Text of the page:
Future Magazine

Future is the official magazine of the Joe R. & Teresa Lozano Long School of Medicine at The University of Texas Health Science Center at San Antonio. Read and share inspiring stories highlighting our medical alumni, faculty and students who are revolutionizing education, research, patient care and critical services in the communities they serve.

Researcher Profiles

James D. Lechleiter, PhD, with Deborah Holstein, senior research associate, and doctoral graduate student Damian Lozano viewing a computer monitor in a lab.

Preventing permanent brain injury after stroke

In the early 2000s, James Lechleiter’s lab at UT Health San Antonio was doing basic research focused on astrocytes, the star-shaped cells that do everything from managing neurotransmitters to clearing debris to regulating blood flow in the brain. What they discovered led to a potential novel finding, and he has spent the last 16 years investigating it.

Ali Seifi, MD (center), with MS graduate students (from left to right) Alexis Lorio (Class of 2024), Hari Krishnakumar (Class of 2024), Ellen Burton (Class of 2024) and Shwetha Menon (Class of 2023) standing in Seifi's lab.

Kickstarting a cure for hiccups

For years, Ali Seifi could not get the idea of curing hiccups out of his mind. He spent hours daydreaming of air pressure, flow, enervation and throat tissue flaps. Finally, after talking with a patient who had been up all night with hiccups after surgery, Seifi decided to turn his idea into a working prototype.

Bradley Brimhall, MD, with Yi Zhou, MD, clinical informatics fellow, and Ashley Windham, MD, MSDA, associate professor, around a microscope in Brimhall's lab.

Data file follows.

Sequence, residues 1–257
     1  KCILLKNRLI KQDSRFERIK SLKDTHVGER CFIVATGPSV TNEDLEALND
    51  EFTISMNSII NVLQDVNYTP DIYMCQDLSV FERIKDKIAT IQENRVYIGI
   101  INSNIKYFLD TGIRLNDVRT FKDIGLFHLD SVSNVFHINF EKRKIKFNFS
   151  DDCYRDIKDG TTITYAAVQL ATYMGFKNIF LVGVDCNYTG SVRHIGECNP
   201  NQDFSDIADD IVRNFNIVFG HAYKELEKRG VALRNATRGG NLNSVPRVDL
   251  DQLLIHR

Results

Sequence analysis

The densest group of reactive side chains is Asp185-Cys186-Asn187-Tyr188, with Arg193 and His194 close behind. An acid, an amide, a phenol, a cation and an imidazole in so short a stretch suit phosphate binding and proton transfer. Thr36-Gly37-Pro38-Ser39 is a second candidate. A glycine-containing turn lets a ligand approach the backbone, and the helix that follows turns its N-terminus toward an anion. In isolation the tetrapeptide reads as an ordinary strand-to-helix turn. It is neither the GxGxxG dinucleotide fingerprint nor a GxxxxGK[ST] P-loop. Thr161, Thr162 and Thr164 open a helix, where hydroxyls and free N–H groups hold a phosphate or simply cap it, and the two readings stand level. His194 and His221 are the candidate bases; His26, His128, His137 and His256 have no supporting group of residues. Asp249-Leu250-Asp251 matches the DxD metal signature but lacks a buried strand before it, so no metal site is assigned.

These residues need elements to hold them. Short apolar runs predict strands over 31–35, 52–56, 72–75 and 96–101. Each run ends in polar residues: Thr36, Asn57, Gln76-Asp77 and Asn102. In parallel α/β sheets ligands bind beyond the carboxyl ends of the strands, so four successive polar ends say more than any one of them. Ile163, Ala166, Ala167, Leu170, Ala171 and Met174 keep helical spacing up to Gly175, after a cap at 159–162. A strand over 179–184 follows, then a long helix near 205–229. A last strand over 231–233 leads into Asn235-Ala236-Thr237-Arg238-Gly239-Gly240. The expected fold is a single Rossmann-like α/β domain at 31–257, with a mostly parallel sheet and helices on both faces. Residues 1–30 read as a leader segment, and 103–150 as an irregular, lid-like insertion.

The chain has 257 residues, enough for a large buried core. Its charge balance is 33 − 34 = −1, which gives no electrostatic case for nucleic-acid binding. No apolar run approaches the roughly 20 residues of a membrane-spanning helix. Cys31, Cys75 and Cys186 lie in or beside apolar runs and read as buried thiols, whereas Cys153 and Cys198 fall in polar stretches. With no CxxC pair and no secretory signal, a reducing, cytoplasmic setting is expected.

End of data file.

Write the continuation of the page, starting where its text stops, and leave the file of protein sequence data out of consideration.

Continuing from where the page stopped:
Harnessing AI to optimize patient treatments

Bradley Brimhall and collaborative teams of researchers are harnessing the power of artificial intelligence and predictive modeling to develop leading-edge diagnostics. The use of AI in medical decision-making is the future, and physicians can lead that change or be swept before it.

Daohong Zhou, MD, with graduate student Jing Pei and research assistant professors Dongwen Lyu, PhD, MS (seated) and Sajid Khan, PhD, looking at a computer monitor in Zhou's lab.

Breaking cancer’s will to survive

The search for a novel compound on which to design a first-in-class cancer therapy is a long, arduous process. Daohong Zhou evaluated hundreds of compounds synthesized by the team of Guangrong Zheng, PhD, a medicinal chemist who specializes in the design and synthesis of natural and synthetic compounds at the University of Florida. Zhou and his team were looking for a compound that degraded a cancer’s survival signal, termed BCL-xL, without being toxic to blood platelets.

Ratna K. Vadlamudi, PhD (second from right), with (from left to right) Xiaonan Li, MD, research associate; Behnam Ebrahimi, MS, PhD program graduate student; Suryavathi Viswanadhapalli, PhD, assistant professor; Alexia Collier, NIH postbaccalaureate trainee; Xue Yang, visiting MD student; and Lois Randolph, PhD program graduate student, in Vadlamudi's lab.

Hitting triple-negative breast cancer where it hurts

Ratna Vadlamudi had a long collaboration with other University of Texas System schools to discover novel drugs to treat breast cancer. During the lead optimization process of designing a drug candidate, Vadlamudi and his team discovered a small molecule that was highly active against solid cancers — ERX-41. The discovery identified a novel therapeutic vulnerability and targeting agent that kills a range of hard-to-treat cancer types in petri dishes and animal models.

Virginia Kaklamani, MD, DSc, treats a patient in her clinic.

Repurposing approved drugs for new therapies

One way to short-circuit the “valley of death” is to repurpose an approved drug for a new indication. The Food and Drug Administration has approved more than 20,000 drugs, and these drugs have demonstrated safety and efficacy in human trials. This population of proven compounds also offers researchers rich data sets to discover new indications for these drugs.

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